Vocational Education — is it worth the money?

Preying on Uncertainty and Insecurity?

In this difficult economy, many people are looking to upgrade their skills and train for new careers hoping to make themselves more marketable. Vocational education seems like the perfect solution, and we are bombarded by advertising from these schools all day long promising prospective students that they will have a brighter future if they would just enroll at one of these institutions and complete a program. Of course no one can guarantee that you will get a job, but it just seems logical that targeted education should give you an edge in the job market.

I already have a bachelor’s degree, but I would like to get into information technology, so off I went for a tour of one of these national institutions that has a campus in my area. I was not ready to commit to anything at that point. I was just seeking information to see if this might be a good option for me.

First Impression

When I pulled up in front of the building I was immediately struck by how small and sterile the place seemed.  Everything was just on one floor with the administrative offices on one side and the classrooms and labs on the other side of the building. There was also a small open lounge area for students with a tv and a couple of vending machines dispensing  snacks and beverages.

I have had the privilege of attending some excellent public colleges and universities that had real campuses complete with student activity centers, libraries and other things that contribute to a total college experience which is a lot more than just studying.  And I was really struck by the difference between what I experienced while in college and what was being offered at this place – and this was before we even got to the tuition.

Sticker Shock

By the end of the tour, I was very skeptical and not feeling like this was the place for me which was solidified when my guide explained that the average cost to complete the program that I was interested in was $45,000.  I did not pay anywhere close to that amount for a 4-year degree! Graduate school didn’t even cost that much. Furthermore, if you do not graduate, the credits are not transferable to any other school. That settled it.

I explained that I could not commit to that kind of tuition, and the guide countered with an offer of a $25,000 scholarship that was available to most students, but even with that I would still have to come up with around $20,000 which is not an insignificant amount of money. After I said that, my guide replied,”You’re acting like you have to pay that right now.” Maybe not, but that tuition has to be paid at some point because they are not running a non-profit organization.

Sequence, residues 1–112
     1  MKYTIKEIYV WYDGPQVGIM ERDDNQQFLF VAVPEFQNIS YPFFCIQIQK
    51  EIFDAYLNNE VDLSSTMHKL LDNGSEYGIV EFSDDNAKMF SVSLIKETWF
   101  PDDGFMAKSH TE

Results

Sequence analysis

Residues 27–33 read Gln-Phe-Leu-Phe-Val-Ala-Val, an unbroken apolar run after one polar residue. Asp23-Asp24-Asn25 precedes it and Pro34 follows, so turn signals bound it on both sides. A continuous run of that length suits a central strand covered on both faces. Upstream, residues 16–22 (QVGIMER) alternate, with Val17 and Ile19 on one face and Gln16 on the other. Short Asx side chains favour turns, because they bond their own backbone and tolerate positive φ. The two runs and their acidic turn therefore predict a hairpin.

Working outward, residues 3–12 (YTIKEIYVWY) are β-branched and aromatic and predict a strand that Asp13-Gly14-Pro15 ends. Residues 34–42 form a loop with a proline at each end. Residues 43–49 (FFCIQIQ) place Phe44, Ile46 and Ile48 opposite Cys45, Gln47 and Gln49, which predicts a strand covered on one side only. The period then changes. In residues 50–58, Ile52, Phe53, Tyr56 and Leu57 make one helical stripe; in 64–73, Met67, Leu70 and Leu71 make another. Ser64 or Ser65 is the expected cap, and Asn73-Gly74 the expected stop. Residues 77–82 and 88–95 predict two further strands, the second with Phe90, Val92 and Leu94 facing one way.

It was a nice place, and everyone that I met was very polite and eager to help, but the overall experience just left me feeling like they were primarily interested in enrolling students and collecting tuition. I had an uneasy feeling about it that I could not shake, and I knew that I would not be pursuing anything at that school.   Back at home, I tossed out all the literature and the business cards that I received during the tour since I would not need any of it.

Federal Government Sues ITT Tech

Not two weeks later, I read that the Consumer Protection Financial Bureau was suing ITT Educational Services Inc for steering students into predatory loans. This 34-page complaint was filed on February 26, 2014 and charges the following:

 ITT, a publicly traded, for-profit corporation, assures consumers who enroll in classes at one
of its 149 locations throughout the country, or in its online programs, that it will help them obtain
more desirable jobs and higher income to better their lives.
This offer comes with a high price tag, however, and the low-income consumers whom ITT
targets can rarely afford to pay its high tuition out-of-pocket. Therefore, ITT’s business model relies
on convincing these consumers to obtain federal aid, mostly loans, to pay ITT.
Federal aid, mostly loans, taken out by consumers comprises the overwhelming majority of
ITT’s revenue.

The complaint is seeking restitution, civil penalties and injunctive relief.

During my visit, I was struck by how casually  loans were discussed like it was as simple as signing some papers and then you don’t need to worry about it until some distant point in time.

Fortunately, I had enough sense to avoid being talked into making a hasty decision, but what about those who don’t know any better? It’s a really slick presentation, and if you are not familiar with higher education, you could easily be misled about your future and your obligations.

As for me, I am still weighing my options and checking into community colleges and online classes to see how can best get the training that I want — without mortgaging my future.

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